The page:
Next week, we’ll launch the next phase of this rollout. It’s in this coming phase, one of the most important, that Illinois will really demonstrate our unique commitment to equity: we’ll start accepting applications for a new group of cannabis entrepreneurs, including social equity applicants, on this coming Tuesday, December 10th. Applicants have until January 2nd to submit their proposals.
No other state has developed a comprehensive plan to promote social equity, and because of that, we’ve seen a result in those states that we don’t want – an industry that doesn’t reflect diversity or equity. In Illinois, we’re different. Our social equity applicants will be eligible for the 75 licenses that come online in a few months – and they’ll be able to get business loans to get off the ground, funded by the existing industry.
This is the most innovative approach in the nation, and it stands at the core of our objective to deliver long-term sustainable equity at every level of the cannabis market, whether you’re a business owner, a craft grower or a budtender working at a good job that will support a family.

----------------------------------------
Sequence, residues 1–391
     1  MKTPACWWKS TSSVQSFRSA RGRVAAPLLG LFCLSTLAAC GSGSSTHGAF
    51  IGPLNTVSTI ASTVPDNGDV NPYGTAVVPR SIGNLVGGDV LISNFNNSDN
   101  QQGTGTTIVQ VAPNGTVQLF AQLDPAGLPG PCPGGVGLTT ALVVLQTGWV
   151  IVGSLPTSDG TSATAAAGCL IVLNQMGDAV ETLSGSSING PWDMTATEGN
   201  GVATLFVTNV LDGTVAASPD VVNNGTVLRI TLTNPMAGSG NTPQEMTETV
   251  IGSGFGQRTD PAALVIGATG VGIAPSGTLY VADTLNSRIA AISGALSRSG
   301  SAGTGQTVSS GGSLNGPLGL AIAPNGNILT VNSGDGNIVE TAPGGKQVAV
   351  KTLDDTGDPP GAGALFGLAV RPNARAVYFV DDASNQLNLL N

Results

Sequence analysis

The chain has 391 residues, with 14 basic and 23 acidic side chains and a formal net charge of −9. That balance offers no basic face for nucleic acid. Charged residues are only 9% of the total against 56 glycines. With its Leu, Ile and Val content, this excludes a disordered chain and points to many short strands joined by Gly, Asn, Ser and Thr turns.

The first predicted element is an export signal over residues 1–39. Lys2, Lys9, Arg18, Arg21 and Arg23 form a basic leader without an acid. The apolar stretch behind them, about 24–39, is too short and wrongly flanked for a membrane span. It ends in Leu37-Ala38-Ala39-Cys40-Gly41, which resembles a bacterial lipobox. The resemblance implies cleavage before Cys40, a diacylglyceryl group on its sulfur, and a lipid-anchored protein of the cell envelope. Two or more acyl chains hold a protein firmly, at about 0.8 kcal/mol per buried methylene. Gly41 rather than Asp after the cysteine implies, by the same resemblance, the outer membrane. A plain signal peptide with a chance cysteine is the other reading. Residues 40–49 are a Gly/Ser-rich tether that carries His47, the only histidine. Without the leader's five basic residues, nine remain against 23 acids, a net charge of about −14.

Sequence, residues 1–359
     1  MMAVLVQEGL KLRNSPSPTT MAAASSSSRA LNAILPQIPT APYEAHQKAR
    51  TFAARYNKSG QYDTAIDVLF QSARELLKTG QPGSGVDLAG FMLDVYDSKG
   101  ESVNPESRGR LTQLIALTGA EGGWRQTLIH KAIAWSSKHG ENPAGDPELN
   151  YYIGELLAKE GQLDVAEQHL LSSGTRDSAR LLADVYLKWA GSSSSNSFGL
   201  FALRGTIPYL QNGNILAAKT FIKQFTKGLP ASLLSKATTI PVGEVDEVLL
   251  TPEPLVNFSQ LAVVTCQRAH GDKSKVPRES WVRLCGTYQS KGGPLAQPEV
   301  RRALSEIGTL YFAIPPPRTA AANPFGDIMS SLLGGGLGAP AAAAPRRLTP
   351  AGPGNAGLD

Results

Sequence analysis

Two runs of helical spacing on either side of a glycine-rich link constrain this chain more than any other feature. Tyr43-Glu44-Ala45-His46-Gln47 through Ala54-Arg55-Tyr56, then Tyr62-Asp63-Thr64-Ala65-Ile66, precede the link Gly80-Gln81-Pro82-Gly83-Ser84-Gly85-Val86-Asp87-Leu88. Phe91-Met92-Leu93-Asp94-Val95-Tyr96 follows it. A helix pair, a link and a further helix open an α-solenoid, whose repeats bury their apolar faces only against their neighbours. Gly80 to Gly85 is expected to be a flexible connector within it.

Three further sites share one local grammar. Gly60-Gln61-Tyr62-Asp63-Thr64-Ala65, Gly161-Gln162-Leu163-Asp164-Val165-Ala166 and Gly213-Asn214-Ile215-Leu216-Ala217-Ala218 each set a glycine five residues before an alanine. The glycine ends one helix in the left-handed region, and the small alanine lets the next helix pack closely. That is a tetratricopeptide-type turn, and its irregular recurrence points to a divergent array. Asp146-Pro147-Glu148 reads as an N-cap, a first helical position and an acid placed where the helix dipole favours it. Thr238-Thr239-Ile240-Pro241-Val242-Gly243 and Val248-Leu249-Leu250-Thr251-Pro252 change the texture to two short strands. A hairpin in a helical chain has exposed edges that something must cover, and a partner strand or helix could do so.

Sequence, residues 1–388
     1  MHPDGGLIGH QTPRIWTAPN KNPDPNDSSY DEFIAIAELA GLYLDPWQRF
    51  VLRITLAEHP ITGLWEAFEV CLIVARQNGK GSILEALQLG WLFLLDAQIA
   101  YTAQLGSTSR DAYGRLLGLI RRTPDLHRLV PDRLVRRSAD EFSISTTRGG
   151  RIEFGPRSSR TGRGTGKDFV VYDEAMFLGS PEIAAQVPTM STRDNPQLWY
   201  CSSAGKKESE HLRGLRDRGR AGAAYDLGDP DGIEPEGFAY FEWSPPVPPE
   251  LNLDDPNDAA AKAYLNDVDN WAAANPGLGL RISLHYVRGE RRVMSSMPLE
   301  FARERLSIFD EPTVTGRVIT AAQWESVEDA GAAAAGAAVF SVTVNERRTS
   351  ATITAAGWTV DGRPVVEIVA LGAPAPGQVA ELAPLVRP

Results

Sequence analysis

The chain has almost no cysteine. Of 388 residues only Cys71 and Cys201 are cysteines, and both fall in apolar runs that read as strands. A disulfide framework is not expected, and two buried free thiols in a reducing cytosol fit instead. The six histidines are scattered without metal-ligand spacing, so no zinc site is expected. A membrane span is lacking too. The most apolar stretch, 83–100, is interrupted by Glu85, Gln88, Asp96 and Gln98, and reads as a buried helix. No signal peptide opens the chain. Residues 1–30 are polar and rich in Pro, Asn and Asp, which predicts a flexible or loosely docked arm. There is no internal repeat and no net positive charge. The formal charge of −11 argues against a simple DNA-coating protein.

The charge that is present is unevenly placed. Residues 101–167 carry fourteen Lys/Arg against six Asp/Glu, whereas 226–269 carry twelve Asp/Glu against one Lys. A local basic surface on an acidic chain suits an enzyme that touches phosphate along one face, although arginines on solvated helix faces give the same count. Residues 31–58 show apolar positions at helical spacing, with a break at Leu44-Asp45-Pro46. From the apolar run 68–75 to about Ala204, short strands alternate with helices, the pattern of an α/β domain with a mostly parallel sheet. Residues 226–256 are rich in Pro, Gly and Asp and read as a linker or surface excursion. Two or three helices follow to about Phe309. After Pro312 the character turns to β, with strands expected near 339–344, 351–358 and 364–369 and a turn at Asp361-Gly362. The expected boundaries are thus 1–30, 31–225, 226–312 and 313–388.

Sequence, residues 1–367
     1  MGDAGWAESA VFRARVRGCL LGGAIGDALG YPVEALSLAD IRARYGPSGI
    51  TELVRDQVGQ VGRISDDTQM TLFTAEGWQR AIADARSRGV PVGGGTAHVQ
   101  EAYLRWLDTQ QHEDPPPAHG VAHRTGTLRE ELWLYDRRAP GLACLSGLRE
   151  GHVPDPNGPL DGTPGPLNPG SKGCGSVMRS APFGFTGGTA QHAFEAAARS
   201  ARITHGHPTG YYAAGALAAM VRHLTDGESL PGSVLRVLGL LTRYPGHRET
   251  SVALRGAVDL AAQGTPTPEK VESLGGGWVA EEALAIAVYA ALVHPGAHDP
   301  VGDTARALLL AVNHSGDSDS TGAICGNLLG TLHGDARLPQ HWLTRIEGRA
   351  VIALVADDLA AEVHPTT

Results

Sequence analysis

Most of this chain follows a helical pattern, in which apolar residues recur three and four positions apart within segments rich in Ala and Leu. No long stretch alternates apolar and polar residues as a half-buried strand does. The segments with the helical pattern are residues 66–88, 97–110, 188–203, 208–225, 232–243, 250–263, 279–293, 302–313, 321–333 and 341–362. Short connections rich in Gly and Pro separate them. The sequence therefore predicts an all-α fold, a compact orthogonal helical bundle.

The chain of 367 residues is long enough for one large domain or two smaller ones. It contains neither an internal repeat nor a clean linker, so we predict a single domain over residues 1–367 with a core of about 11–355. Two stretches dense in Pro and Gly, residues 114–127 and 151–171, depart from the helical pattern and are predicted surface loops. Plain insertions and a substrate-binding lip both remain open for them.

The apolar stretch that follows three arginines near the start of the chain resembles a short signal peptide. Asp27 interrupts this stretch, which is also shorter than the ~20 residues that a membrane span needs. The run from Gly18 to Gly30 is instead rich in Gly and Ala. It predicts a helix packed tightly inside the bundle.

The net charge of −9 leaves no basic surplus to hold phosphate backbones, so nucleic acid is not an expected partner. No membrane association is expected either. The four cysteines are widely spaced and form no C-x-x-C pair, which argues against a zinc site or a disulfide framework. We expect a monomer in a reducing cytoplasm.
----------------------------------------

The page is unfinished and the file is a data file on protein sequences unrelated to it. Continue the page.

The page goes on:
Let me be clear: our goal is not to immediately deliver as much access to recreational cannabis as possible, as quickly as possible. No, what we’re doing here is methodically working to address the inequities that have wreaked havoc on many of our communities.
That’s why Illinois will have a brief start up period, from January until May, to provide the seed capital to social equity applicants. That’s why we’ll open up far more dispensaries headed by social equity applicants in May. That’s why we’ll initiate a disparity study to determine if we’ve achieved the results we wanted, so that when our market is mature and thriving, Illinois will be the first state where the legal cannabis market looks more like the residents of our state.
To date, we’ve licensed 14 medical cannabis cultivation centers to serve the recreational supply chains, while fiercely protecting and prioritizing the supply to medical patients. 30 dispensaries have been approved to sell to adult-use consumers starting in a few weeks —with more to come in the weeks after that. Over time, we project cultivation jobs to double, and new jobs in this industry will number in the thousands.